In simple cases, all you want to do is map a Seneca action to a hapi endpoint and proxy the action result back. chairo adds a new reply() interface decorator reply.act() which sends back a handler response using the result of a Seneca action by specifying the action pattern.

server.route({
    method: 'POST',
    path: '/id',
    handler: function (request, reply) {
        // Reply using a Seneca action
        return reply.act({ generate: 'id' });
    }
});

In addition, the act handler shortcut is also provided:

server.route({
    method: 'POST',
    path: '/id',
    handler: { act: 'generate:id' }
});

For more complex cases where a hapi endpoint requires combining data from multiple source, some of which are based on Seneca actions, chairo provides the reply.compose() decorator which renders a template view using the provided template and context object. The context object combines regular object keys with top level keys with a $ suffix which are resolved into the corresponding Seneca actions matching the key’s value pattern.

// Set up a hapi view engine
server.views({
    engines: { html: require('handlebars') },
    path: '../templates'
});

// Add route
server.route({
    method: 'GET',
    path: '/welcome',
    handler: function (request, reply) {
        // Setup context with both Seneca actions and simple keys
        var context = {
            today$: 'service:today',
            user$: { record: 'user', id: 123 },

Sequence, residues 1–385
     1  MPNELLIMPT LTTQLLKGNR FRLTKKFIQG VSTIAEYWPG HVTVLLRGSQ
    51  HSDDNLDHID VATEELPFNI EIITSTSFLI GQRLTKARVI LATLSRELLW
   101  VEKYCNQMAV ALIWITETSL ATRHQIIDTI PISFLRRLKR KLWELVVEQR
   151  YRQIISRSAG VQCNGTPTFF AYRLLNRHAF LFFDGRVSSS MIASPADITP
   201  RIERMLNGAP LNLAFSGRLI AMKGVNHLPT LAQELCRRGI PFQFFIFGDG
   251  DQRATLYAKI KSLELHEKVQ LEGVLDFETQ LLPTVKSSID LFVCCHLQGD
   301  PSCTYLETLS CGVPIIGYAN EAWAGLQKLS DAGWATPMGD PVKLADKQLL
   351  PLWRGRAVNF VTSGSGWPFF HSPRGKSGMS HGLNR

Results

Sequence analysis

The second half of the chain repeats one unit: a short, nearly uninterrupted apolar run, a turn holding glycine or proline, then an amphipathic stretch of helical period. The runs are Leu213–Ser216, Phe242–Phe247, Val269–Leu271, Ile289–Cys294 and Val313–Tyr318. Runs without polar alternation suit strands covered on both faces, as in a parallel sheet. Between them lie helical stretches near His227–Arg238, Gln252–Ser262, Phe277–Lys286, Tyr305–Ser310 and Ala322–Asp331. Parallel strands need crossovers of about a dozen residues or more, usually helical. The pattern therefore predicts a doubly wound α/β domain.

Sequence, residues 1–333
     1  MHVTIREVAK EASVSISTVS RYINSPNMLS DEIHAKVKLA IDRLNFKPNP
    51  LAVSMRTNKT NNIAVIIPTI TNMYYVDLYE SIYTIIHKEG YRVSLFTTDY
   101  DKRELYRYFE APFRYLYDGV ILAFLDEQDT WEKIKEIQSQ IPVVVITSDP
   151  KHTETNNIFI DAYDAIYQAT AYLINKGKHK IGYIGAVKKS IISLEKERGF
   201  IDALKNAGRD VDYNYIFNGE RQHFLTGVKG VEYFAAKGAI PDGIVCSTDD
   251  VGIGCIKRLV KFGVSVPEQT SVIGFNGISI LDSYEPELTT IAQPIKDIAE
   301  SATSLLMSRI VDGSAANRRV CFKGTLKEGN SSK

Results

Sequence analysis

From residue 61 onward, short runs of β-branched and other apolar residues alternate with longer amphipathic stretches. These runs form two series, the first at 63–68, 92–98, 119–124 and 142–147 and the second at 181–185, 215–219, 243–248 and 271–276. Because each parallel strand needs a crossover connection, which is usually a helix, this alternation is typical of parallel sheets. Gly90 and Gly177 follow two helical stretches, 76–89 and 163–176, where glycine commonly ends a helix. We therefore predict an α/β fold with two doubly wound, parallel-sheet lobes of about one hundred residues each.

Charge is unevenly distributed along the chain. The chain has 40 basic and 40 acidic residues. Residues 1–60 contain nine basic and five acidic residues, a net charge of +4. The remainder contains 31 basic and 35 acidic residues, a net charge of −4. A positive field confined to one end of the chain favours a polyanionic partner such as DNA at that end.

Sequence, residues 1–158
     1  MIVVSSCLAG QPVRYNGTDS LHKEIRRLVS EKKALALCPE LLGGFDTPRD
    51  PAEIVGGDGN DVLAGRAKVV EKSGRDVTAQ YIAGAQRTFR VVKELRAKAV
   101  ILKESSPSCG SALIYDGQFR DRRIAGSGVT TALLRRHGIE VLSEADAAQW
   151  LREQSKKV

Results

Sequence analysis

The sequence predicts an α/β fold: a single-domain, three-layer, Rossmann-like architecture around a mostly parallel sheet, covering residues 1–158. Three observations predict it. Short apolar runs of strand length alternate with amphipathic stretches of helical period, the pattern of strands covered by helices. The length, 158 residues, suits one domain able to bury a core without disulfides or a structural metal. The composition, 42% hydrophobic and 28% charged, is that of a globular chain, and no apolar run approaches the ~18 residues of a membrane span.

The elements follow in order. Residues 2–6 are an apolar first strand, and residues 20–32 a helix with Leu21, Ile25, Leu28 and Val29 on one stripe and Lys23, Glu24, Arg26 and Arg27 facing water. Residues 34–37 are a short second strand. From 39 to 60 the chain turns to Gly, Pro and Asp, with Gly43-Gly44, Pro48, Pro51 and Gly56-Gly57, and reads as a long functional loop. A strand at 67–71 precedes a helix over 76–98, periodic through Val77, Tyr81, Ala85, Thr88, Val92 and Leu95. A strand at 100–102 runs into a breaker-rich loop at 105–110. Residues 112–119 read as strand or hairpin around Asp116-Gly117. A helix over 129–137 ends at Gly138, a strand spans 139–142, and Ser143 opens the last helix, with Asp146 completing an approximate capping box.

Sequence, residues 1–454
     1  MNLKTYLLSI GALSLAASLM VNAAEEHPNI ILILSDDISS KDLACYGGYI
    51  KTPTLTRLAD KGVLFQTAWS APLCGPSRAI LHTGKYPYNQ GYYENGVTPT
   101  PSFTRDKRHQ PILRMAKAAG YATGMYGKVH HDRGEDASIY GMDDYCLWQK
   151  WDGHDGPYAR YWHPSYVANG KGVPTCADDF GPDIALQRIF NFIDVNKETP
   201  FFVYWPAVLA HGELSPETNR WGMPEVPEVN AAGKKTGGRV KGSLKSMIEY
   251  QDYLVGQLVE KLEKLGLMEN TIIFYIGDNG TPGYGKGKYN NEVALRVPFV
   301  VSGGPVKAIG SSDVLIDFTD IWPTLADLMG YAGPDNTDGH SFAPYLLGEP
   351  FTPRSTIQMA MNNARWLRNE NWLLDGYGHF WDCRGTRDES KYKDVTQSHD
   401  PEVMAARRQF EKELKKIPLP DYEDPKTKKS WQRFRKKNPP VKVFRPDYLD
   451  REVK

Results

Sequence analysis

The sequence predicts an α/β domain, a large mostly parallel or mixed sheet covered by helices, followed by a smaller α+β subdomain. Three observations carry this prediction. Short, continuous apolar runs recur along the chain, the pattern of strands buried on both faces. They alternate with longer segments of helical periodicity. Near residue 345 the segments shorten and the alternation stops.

general: {
                message: 'Welcome'
            }
        };

        // Reply with rendered view
        return reply.compose('example', context);
    }
});

Using the template ./templates/example.html:

<div>
    <h1>{{general.message}} {{user$.name}}!</h1>
    <h2>Today is {{today$.date}} and it's going to be a {{today$.weather}} day.</h2>
</div>

In addition, the compose handler shortcut is also provided:

server.route({
    method: 'POST',
    path: '/id',
    handler: {
        compose: {
            template: 'example',
            context: {
                today$: 'service:today',
                user$: { record: 'user', id: 123 },
                general: {
                    message: 'Welcome'
                }
            }
        }
    }
});

What’s Next?

The initial version of chairo is a very basic implementation of the Seneca features within the context of the hapi ecosystem. It maps the basic actions functionality and allows simple and elegant composition of API endpoints and web pages in hapi powered by existing or new Seneca deployments. When used with more advanced Seneca configuration, the actions can be moved to other processes, benefiting from the full power of a distributed microservices architecture.

Future versions of this plugin will look to incorporate more Seneca functionality such as data entities, make routing configuration simpler for a large distributed system, and combine the logging functionality of the two frameworks into a unified operations view.

Please give it a try and post questions, feedback, or issues.